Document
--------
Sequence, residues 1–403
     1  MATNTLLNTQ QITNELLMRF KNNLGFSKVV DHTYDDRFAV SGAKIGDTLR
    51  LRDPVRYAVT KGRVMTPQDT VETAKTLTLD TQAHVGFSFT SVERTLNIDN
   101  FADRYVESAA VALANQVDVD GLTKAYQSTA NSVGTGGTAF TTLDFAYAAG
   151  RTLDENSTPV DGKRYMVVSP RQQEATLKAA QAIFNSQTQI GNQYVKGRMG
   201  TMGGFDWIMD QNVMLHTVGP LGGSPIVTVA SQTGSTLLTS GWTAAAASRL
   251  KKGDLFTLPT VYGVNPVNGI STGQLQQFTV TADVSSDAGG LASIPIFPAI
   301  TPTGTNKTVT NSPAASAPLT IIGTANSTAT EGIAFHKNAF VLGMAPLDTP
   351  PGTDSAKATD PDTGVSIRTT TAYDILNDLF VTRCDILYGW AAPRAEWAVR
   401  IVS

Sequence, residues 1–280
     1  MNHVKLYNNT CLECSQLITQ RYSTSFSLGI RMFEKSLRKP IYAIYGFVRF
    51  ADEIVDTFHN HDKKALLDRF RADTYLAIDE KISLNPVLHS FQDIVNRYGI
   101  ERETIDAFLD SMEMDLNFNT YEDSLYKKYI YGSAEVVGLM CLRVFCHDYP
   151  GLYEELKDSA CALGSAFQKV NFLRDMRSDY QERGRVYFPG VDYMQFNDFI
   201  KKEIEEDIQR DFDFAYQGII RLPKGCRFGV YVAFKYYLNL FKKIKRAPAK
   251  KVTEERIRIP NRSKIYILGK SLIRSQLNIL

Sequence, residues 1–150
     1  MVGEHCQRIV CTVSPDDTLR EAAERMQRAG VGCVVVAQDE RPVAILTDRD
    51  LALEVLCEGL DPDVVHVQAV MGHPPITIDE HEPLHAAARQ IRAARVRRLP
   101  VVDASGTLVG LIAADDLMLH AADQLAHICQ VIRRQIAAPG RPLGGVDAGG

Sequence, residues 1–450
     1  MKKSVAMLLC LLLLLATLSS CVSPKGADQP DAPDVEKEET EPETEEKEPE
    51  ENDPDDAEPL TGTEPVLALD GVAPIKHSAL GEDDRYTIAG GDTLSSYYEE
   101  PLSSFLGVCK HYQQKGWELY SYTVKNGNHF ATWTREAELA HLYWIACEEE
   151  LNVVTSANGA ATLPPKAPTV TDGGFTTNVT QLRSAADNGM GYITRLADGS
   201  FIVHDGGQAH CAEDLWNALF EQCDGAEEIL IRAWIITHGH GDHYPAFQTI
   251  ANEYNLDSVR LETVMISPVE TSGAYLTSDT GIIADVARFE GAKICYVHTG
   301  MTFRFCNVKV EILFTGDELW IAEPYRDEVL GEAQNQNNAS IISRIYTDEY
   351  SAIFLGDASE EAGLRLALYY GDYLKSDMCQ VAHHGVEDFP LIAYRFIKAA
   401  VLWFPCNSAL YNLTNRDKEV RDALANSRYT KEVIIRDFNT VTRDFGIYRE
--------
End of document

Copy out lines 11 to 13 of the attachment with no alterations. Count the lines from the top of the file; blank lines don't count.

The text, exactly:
Sequence, residues 1–280
     1  MNHVKLYNNT CLECSQLITQ RYSTSFSLGI RMFEKSLRKP IYAIYGFVRF
    51  ADEIVDTFHN HDKKALLDRF RADTYLAIDE KISLNPVLHS FQDIVNRYGI